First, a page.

Washington, D.C., Mayor Vincent C. Gray’s administration has fired 61 public employees for collecting unemployment benefits while working for the city, the Washington Post reports.
“The city’s Department of Employment Services [DOES], which oversees the jobless-compensation program, said in February that dozens of current and former city workers had received the fraudulent payments,” the Post report adds.
The scam, which was started in 2009, issued fraudulent checks ranging from a couple hundred to thousands of dollars per employee. All told, estimates put the total amount scammed at about $800,000. So far, Gray's administration has taken action against 92 employees (including the aforementioned 61 employees who have been let go).
“We’re not going to tolerate this kind of activity in the government,” said Pedro Ribeiro, Gray’s spokesman. “The matter’s been turned over to the Office of the Attorney General, which will use civil litigation to recoup the money,” he said, adding that Attorney General Irv Nathan “is planning to use the full extent of his authority.”
DOES Director Lisa Mallory said that since the February suspensions, the agency had uncovered overpayments to more current employees, the Post reports.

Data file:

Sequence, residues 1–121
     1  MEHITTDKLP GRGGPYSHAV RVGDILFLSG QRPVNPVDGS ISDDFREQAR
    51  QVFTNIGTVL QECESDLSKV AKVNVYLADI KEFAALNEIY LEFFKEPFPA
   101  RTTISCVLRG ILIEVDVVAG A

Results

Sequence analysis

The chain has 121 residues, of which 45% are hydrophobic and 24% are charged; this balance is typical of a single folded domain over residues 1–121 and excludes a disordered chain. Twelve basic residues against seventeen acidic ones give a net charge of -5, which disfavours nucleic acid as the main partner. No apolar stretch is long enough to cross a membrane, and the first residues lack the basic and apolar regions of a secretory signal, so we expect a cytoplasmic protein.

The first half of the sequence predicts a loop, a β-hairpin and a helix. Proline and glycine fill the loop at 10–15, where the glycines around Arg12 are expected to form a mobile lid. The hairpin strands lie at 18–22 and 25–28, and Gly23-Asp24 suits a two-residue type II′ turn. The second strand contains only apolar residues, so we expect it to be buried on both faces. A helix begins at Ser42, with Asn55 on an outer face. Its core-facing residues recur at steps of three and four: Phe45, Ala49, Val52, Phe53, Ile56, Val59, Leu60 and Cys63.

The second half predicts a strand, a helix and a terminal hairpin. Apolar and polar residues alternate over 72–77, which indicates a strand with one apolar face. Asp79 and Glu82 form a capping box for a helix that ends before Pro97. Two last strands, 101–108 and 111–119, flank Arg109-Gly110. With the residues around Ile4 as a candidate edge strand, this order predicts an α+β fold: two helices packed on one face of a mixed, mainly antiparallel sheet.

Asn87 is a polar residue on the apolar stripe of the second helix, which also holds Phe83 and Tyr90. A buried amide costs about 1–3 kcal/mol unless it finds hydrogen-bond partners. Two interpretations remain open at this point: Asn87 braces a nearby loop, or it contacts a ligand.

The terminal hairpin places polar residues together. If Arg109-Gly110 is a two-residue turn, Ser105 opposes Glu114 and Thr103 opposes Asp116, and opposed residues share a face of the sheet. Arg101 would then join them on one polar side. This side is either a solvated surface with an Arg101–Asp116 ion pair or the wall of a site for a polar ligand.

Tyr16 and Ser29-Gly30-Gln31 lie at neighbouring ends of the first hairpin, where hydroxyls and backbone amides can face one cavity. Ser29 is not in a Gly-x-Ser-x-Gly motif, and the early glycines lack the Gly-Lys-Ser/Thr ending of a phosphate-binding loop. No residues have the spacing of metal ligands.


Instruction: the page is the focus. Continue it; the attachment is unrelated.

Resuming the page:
“We found another batch of 100,” she said in an interview Tuesday.
The Office of the Inspector General, which has collected guilty pleas in eight similar investigations since December 2010, has joined with the Attorney General’s office to conduct the investigation, the Post reports.
“City officials have declined to list names, job titles or departments of those who received the payments, citing personnel laws,” the Post’s Nikita Stewart writes.
“But Nathan has said many of the workers were in the Office of the State Superintendent of Education and described them as drivers,” she adds.
Officials expect the number of employees involved in the scam to grow. That is, they expect more layoffs. However, two employees managed to get away with being handed suspensions while another was allowed to return to work after paying back the scammed cash.
The justification for handing out suspensions (i.e. a slap on the wrist) for what would seem like a pretty big deal?
“[T]he amount [scammed] was significantly low or it was an oversight,” Ribeiro said.
In order to figure out how deep the corruption runs, DOES is conducting an audit of payments distributed since 2009.
“With the help of funding from the U.S. Department of Labor, the city agency said it has instituted a more comprehensive cross-checking system that compares city payroll lists, a national database of new hires and unemployment recipients,” Stewart writes.
“We are not going to stand for any abuse in any of these programs,” Mallory said.